In:Inflation is the fault of the workers. Striking nurses and railway workers could be forgiven for believing that rising prices could be blamed for their pay demands. Jeremy Hunt said as much last week, as did Bank of England Governor Andrew Bailey.
Equally guilty are warehouse workers handing out products for Aldi, who have received a 10% annual pay rise, and security staff at East Midlands Airport, who have secured a whopping 17% overall rise this year. If wages account for about 70% of business costs on average, it must be true that wage increases are the enemy of those seeking to reduce inflation.
The chancellor said he could not review decisions to review wages for public sector workers without risking higher wages leading to higher prices. In Threadneedle Street, Bailey justified the base rate rise to 3.5%, snubbing workers who were getting a pay rise.
The Governor and most of his colleagues on the Bank’s Monetary Policy Committee believe the Aldi and East Midlands Airport deals are the tip of a large iceberg. The implication is that wage restraint will eliminate inflation and allow the Bank to freeze or even cut interest rates next year.
The question that belies the inflation debate is: how do the official figures showing an average wage rise of 6%, well below the 10.7% in consumer prices, square with Bailey’s story? How do payroll data that track the big deals offered by major employers this year in the public and private sectors reveal a negligible price boost when they show those deals average just 4%?
You can find the answer elsewhere. Perhaps shrewd corporations saw an opportunity to raise prices more than their costs rose, knowing that consumers had come to expect supersonic increases in shopping bills.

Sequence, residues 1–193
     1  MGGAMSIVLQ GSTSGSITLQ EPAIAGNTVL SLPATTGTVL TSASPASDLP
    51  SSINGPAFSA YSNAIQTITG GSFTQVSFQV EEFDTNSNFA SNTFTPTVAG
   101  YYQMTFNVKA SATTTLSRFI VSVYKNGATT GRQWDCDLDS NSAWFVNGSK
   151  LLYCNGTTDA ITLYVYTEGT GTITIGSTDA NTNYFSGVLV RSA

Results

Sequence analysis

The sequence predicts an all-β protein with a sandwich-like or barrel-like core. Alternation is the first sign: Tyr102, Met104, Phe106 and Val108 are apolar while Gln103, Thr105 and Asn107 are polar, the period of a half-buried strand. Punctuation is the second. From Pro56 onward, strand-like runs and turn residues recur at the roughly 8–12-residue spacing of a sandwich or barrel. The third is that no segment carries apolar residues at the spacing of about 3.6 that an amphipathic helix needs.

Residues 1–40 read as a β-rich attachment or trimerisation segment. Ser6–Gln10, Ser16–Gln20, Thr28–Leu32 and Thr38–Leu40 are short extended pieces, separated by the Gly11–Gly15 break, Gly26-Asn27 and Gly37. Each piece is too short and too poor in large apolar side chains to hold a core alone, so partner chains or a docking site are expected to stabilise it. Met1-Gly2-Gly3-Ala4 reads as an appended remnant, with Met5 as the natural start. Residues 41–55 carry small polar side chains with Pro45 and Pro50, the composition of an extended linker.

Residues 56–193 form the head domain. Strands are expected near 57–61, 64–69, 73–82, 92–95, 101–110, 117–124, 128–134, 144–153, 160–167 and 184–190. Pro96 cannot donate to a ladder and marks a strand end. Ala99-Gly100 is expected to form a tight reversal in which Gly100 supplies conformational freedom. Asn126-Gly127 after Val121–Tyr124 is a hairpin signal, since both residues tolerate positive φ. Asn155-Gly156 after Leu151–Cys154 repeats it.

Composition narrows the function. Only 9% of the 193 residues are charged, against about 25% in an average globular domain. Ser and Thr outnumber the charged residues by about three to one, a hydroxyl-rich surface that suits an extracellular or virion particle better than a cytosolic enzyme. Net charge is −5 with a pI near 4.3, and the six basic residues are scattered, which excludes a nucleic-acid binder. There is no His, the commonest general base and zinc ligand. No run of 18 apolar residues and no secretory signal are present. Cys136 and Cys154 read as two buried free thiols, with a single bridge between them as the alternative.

Paul Donovan, chief economist of UBS Global Wealth Management, analyzed the situation in America, where there is more detailed information about the corporate sector. He looked at productivity-adjusted wage cost growth in the hotel sector since the end of 2019 and found it to be between 5% and 6%. The prices of restaurants and hotels increased by 16%.
Donovan found that hotel operators are using fewer staff to improve productivity, limiting the impact of wage increases. This increase in productivity was channeled to shareholders, not consumers, who were fueled by the narrative that prices had to rise to keep up with rising wages.
More broadly, U.S. corporations posted quarterly profits of nearly $3 trillion in the three months to the end of September, up from $2.4 trillion two years ago and an average of $2 trillion over the eight years before the pandemic.
An analysis by Unite of Britain’s largest 350 companies showed a similar trend. profit margin was 73% higher in 2021 than in 2019. “Although sales were down in 2021, profits were still up,” said Sharon Graham, the union’s general secretary. “Even excluding energy companies, average profit margins still jumped by an astonishing 52%.”
Those numbers are the basis for CEO pay increases last year and this year, as well as the return of the city’s bumper bonus. More fundamentally, it suggests that Hunt and Bailey, the two most senior policymakers in the field, misunderstand business dynamics and how companies take advantage of a crisis to raise prices.
Official data shows that hotel prices are the main driver of UK inflation, so the rise in prices seen in the US could be replicated in the UK hotel sector.
There are hundreds of products in stores that have benefited from lower shipping costs, lower raw material and labor costs unlike today’s products, but prices continue to rise.
The only visible sign of bearish transmission is at the gas pumps, and even there the price is higher than expected, when recession in the industrial world heralds a big drop in demand.
Donovan says the campaign to “break up Britain” that challenged price growth after the 2008 financial crash needs to be cleaned up and given a fresh air.
Business executives may argue that profit warnings are on the rise. But according to data compiled by consulting firm EY, the hardest hit are retailers and consumer-facing companies, which are adjusting to the trend toward working from home and lower consumer spending as much as their workers’ wage demands.
Hunt and Bailey should take note. Governments can judge what they can afford to pay to fund public sector wage demands, but they shouldn’t use inflation as an excuse. The evidence is not on their side.